Food classification

Classification of food products in advertisements was performed after the completion of field data collection. A separate training session was organized for three personnel (including GSA and AL) on how to correctly classify advertised food products. Inter-coder reliability testing was performed before commencing with the actual classification of the food advertisement. Each coder got a minimum of 80% inter-coder reliability on a test dataset.

Two different food classification systems, the NOVA classification system and the INFORMAS food classification system, were used to classify the foods and beverages advertised. With limited application in the Ghanaian setting, the two classification systems were adopted to ascertain how each evaluates the local food and beverage advertisements. The INFORMAS food classification system classifies food into “core/healthy”, “non-core/unhealthy” and “miscellaneous” foods. This classification system is based on defined cut-off points of fat and sugar (per 100 g of food). The cut-off points are different for each food group, taking into account differences in nutrient density. This food-based system encompasses 11 sub-food groups under core/healthy foods, 15 sub-food groups under non-core/unhealthy and 11 subgroups under miscellaneous. Core/healthy foods include fruits, vegetables, and water, while foods such as sweetened beverages, ice cream, and sweet biscuits are categorized as non-core/unhealthy foods. Miscellaneous foods include soup cubes, seasonings, and tea. Those advertisements with only a product/brand name or logo were classified separately. In this study, an advertisement was considered non-core/unhealthy if at least one food item in the advertisement was coded as non-core/unhealthy. This classification system has been used by previous studies, including some in Sub-Saharan Africa on outdoor food advertising (23, 24). The NOVA food classification, which is based on the nature, extent, and purposes of the industrial processes' foods are subjected, classifies foods into four groups: Unprocessed and minimally processed foods; processed culinary ingredients; processed foods; and ultra-processed foods and drinks products (31). Unprocessed and minimally processed foods include fresh and frozen vegetables, fruits, cereals, meats, poultry, and fish. Processed culinary ingredients include plant oils, animal fats, sugar and salt. Examples of processed foods include canned vegetables in brine, fruits in syrup, fish preserved in oil, while ultra-processed foods include ice cream, chocolates, candies, cookies, noodles, and carbonated drinks. Alcoholic drinks are not considered in this classification.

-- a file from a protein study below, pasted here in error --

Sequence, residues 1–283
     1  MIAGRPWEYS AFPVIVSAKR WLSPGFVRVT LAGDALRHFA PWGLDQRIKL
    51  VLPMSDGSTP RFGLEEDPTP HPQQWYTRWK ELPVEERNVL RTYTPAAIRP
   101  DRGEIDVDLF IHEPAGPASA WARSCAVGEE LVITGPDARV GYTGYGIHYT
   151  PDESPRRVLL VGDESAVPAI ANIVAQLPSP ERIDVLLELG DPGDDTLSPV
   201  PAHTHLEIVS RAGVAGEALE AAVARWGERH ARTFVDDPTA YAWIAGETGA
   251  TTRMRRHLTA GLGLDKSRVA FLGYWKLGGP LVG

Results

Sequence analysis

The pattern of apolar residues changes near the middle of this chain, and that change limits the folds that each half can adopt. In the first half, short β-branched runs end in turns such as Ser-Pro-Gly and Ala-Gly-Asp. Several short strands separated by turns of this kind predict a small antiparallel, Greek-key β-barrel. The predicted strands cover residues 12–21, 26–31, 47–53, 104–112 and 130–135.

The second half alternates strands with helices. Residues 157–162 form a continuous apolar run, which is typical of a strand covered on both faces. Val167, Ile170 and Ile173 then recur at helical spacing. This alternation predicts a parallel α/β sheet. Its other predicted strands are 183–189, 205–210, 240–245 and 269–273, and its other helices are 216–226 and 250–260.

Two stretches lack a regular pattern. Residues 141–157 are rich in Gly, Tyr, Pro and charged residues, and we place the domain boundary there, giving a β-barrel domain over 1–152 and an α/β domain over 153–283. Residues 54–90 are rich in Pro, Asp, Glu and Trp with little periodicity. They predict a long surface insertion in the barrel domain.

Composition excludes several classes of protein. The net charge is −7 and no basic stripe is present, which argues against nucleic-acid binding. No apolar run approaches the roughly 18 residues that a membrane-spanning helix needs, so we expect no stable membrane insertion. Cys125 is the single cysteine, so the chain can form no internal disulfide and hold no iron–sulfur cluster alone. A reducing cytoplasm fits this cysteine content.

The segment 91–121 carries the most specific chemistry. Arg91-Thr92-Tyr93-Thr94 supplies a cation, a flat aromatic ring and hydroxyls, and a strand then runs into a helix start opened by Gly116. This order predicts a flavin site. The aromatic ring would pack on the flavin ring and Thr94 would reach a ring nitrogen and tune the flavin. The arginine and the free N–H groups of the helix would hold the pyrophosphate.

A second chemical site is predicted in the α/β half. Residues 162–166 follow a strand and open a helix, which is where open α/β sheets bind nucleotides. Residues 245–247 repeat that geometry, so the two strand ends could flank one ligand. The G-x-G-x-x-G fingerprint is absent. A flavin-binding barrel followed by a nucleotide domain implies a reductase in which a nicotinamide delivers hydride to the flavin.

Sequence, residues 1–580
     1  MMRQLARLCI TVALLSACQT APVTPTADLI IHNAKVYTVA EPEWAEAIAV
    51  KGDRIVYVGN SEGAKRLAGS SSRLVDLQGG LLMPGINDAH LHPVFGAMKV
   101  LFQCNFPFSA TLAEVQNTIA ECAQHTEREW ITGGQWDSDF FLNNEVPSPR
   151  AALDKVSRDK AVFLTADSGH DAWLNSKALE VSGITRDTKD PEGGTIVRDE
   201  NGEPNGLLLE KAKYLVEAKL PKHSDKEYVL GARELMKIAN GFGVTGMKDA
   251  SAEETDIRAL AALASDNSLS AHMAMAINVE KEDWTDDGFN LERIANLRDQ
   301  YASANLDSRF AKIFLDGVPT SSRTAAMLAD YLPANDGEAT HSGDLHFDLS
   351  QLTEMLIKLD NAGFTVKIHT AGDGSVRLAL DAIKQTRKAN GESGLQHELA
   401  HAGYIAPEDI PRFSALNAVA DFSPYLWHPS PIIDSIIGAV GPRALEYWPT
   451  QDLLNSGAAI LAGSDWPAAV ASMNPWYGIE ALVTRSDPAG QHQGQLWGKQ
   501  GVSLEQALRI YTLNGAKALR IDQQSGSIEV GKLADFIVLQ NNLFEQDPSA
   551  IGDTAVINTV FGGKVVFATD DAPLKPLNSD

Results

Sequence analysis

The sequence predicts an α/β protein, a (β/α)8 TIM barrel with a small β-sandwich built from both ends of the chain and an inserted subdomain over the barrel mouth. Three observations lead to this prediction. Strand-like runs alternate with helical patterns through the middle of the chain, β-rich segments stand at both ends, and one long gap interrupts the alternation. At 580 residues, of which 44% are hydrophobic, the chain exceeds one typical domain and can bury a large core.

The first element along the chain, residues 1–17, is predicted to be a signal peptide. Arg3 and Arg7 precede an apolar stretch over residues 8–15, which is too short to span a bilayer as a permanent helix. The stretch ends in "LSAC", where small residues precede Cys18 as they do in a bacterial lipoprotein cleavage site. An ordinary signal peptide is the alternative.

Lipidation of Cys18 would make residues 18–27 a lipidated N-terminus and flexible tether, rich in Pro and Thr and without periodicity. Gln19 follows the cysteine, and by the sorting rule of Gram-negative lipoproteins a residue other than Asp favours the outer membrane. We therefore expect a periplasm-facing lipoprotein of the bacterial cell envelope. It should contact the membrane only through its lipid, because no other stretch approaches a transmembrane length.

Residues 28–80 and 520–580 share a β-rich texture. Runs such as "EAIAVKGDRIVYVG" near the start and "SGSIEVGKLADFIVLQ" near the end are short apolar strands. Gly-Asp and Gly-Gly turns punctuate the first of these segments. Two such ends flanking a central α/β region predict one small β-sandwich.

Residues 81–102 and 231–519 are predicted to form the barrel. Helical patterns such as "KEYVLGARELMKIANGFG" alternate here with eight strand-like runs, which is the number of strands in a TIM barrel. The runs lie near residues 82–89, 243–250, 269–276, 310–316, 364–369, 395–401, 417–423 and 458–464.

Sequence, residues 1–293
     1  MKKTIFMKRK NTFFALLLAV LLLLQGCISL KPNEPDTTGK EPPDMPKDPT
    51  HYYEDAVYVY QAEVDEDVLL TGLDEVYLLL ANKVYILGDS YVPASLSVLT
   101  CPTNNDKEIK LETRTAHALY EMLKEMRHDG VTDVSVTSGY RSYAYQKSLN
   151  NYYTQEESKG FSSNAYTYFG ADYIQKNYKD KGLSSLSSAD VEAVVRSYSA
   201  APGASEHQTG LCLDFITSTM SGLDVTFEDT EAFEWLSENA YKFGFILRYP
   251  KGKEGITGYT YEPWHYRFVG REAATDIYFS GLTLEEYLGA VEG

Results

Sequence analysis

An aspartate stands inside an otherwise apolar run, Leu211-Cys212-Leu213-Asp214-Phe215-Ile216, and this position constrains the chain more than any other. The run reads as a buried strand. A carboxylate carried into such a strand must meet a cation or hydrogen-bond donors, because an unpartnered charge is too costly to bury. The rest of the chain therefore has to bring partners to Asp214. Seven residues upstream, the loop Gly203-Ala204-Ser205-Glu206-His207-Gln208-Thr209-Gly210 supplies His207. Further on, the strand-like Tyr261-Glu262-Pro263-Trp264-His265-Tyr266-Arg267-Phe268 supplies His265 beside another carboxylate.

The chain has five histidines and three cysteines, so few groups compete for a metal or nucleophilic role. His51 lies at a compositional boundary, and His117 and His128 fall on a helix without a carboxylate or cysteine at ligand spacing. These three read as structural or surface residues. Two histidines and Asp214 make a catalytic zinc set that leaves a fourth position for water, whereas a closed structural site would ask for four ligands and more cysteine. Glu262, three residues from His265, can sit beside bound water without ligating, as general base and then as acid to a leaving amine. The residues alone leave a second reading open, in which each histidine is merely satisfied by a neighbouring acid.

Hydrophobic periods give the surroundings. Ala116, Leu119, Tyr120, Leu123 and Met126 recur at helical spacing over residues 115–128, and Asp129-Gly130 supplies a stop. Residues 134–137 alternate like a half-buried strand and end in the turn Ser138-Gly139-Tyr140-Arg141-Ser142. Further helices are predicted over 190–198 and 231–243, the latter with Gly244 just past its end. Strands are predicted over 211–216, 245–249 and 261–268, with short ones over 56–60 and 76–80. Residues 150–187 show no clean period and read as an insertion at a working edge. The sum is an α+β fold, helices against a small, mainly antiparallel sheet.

Statistical analysis

Statistical software, IBM SPSS Statistics for Windows version 21, was used for data cleaning and statistical analysis. All recorded outdoor food advertisement data was used in the analysis. Descriptive analyses (frequencies, median, and Interquartile range) were used to summarize the number and characteristics of food advertisements, including those for promotional techniques (promotional characters and premium offers).


Permission to conduct this study was obtained in 2019 from the Greater Accra regional office as well as the participating district offices of the Ghana Education Service. Ethics approval was granted by the Ghana Health Service Ethics Review Committee (Approval # GHS-ERC 005-06-19) and the University of Ghana Ethics Committee for Humanities (Approval # ECH 152-18-19).


Assessment was conducted at all 200 sampled schools. Most of the schools were from the Accra metropolitan area (n = 54) with Ashaiman municipality recording the lowest number of sampled schools (n = 13). The “poverty incidence” across the selected districts ranged from 2.6% (lowest) for Accra Metropolitan to 31.2% (highest) for Ningo Prampram District.